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Gannett's TV deal for Belo worries media watchdogs

Newspaper and MagazineTelevision IndustryFederal Communications CommissionYoung Broadcasting IncorporatedPoliticsSinclair Broadcast Group Inc.

Gannett Co.'s proposed acquisition of Belo Corp. is the latest in a slew of deals in the television industry.

Last week, Media General acquired Young Broadcasting to create a company that will own 30 TV stations in 27 markets. In April, Sinclair Broadcast Group acquired Fisher Communications for $373 million.

Gannett's $2.2-billion deal -- $1.5 billion in cash and the assumption of about $700 million in debt -- will give it 43 stations in markets reaching about one-third of the country. Gannett, already one of the larger owners of TV stations, will now become the biggest independent owner of stations that carry CBS and NBC content.

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There are many factors driving the consolidation in the broadcast industry. By owning more stations, a company has leverage to negotiate better deals with content suppliers and the pay-TV distributors that carry their signals.

Also, owning more than one station in the same market allows a broadcaster to spread expenses across multiple outlets and gives it more clout with local advertisers.

However, media critics fear that the continued consolidation means there will be a lack of diversity in content.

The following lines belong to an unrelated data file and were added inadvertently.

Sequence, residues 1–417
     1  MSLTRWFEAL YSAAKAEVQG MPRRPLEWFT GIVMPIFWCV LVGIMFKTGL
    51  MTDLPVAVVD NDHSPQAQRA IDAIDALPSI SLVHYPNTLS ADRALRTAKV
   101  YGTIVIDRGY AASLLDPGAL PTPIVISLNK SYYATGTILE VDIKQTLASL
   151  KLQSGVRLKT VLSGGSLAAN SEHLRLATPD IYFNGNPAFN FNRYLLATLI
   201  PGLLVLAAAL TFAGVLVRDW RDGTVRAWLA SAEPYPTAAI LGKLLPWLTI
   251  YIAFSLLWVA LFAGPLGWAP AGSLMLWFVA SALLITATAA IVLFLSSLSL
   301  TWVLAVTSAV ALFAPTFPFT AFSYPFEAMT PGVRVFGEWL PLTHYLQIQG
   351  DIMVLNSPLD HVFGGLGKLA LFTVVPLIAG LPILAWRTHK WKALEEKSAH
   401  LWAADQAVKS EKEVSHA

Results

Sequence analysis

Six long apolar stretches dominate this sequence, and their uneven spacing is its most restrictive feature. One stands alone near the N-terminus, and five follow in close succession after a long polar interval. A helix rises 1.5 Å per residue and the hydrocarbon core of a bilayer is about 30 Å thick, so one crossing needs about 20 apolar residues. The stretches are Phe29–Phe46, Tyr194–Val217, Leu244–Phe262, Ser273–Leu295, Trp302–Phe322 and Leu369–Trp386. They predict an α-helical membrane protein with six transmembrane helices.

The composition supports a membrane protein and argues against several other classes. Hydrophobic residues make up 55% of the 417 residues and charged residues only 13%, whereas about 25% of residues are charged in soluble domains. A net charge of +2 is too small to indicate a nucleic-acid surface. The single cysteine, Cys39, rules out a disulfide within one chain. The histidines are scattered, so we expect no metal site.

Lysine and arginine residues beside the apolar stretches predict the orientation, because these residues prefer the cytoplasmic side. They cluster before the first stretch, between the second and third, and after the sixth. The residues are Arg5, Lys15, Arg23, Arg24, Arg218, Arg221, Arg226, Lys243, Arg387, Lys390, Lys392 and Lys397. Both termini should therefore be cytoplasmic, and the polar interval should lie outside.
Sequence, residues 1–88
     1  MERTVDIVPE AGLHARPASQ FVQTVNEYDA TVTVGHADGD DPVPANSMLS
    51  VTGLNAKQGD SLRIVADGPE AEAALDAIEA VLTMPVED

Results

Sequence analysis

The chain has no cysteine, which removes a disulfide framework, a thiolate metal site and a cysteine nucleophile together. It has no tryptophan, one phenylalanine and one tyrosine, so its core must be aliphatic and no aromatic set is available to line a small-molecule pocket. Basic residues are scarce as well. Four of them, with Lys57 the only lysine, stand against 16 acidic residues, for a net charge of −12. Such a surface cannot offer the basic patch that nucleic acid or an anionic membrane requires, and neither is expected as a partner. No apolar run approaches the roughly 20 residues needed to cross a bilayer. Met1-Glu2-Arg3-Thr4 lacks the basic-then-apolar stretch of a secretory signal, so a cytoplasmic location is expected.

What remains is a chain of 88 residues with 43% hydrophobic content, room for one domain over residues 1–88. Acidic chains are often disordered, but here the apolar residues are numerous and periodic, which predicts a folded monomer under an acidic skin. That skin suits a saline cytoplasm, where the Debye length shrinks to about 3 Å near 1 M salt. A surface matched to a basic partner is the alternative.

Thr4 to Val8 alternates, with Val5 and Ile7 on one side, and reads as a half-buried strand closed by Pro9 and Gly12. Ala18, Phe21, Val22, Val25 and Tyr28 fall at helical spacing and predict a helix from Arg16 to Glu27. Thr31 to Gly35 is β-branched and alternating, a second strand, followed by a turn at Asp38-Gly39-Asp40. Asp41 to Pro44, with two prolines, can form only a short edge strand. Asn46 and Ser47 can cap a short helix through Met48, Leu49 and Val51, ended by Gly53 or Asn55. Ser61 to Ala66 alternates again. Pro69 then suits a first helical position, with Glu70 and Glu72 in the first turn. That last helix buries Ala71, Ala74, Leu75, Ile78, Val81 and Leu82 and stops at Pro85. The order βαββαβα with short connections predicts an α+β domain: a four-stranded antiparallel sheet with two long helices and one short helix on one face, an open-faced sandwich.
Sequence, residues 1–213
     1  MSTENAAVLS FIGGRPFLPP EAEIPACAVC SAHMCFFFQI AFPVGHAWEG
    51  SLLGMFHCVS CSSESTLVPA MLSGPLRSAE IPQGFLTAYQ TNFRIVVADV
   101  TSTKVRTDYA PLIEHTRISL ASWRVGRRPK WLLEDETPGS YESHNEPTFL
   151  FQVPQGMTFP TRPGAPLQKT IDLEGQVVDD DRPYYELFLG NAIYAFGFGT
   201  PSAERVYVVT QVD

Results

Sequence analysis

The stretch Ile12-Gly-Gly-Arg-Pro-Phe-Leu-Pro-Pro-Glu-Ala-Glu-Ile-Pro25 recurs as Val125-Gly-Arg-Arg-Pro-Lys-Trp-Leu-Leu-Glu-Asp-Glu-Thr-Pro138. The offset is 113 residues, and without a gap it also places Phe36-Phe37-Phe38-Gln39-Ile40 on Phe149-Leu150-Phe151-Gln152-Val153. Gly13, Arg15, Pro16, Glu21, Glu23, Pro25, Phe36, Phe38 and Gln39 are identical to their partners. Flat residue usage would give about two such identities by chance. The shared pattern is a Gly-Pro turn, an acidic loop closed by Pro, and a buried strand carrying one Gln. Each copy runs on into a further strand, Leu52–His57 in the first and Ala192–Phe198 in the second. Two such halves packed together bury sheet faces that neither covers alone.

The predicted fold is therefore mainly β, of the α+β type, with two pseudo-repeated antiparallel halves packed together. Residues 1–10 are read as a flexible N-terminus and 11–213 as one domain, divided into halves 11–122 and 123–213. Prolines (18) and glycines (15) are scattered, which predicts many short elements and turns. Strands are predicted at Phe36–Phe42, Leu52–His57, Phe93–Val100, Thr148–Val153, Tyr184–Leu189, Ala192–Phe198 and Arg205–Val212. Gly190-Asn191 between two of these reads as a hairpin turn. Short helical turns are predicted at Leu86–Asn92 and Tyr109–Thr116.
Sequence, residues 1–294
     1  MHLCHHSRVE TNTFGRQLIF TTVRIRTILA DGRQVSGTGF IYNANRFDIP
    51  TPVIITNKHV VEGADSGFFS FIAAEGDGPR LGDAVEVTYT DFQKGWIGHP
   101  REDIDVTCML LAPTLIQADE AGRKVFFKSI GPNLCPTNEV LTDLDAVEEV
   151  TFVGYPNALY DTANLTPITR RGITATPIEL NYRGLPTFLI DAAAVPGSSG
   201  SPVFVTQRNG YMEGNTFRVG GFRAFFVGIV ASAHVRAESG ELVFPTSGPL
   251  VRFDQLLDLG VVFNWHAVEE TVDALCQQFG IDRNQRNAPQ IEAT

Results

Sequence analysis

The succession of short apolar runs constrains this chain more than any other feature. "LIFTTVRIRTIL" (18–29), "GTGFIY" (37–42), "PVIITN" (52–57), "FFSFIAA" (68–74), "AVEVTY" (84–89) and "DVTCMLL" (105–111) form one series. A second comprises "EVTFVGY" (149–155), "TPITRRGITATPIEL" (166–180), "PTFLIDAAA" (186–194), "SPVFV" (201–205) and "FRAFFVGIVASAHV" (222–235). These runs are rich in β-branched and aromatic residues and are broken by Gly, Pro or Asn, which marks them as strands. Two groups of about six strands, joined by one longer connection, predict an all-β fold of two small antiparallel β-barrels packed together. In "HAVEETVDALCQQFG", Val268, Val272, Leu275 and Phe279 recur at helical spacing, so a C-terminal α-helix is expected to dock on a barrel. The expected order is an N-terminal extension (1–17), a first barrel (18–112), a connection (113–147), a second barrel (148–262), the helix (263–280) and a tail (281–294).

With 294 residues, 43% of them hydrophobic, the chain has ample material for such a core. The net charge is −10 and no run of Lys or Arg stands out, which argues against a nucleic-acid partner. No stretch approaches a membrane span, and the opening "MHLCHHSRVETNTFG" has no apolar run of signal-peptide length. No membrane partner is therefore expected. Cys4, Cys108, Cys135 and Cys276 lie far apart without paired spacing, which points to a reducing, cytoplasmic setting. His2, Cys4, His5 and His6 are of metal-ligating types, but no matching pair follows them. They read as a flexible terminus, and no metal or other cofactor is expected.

"We've seen time and again that media consolidation means fewer journalists and less diversity on the public airwaves," said Craig Aaron, president of Free Press, a media watchdog. "This increasing concentration of ownership — coupled with covert consolidation that combines formerly competing newsrooms — is failing local communities."

The Gannett-Belo deal will require approval from the Federal Communications Commission. Gannett owns a newspaper in Louisville, Ky., where Belo owns a newspaper. FCC rules prohibit combined ownership of newspapers and televisions in most markets.

Some companies have waivers to own both newspapers and TV stations. Gannett owns a paper and a station in Phoenix but will now need another waiver because after this deal closes it will own Belo's two TV stations there. 

"We don’t need yet another media merger; we need strong ownership rules that protect and promote local journalism," said Aaron.

ALSO:

Gannett strikes deal to acquire Belo Corp.

Media General merges with Young Broadcasting

Follow Joe Flint on Twitter @JBFlint.

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Newspaper and MagazineTelevision IndustryFederal Communications CommissionYoung Broadcasting IncorporatedPoliticsSinclair Broadcast Group Inc.
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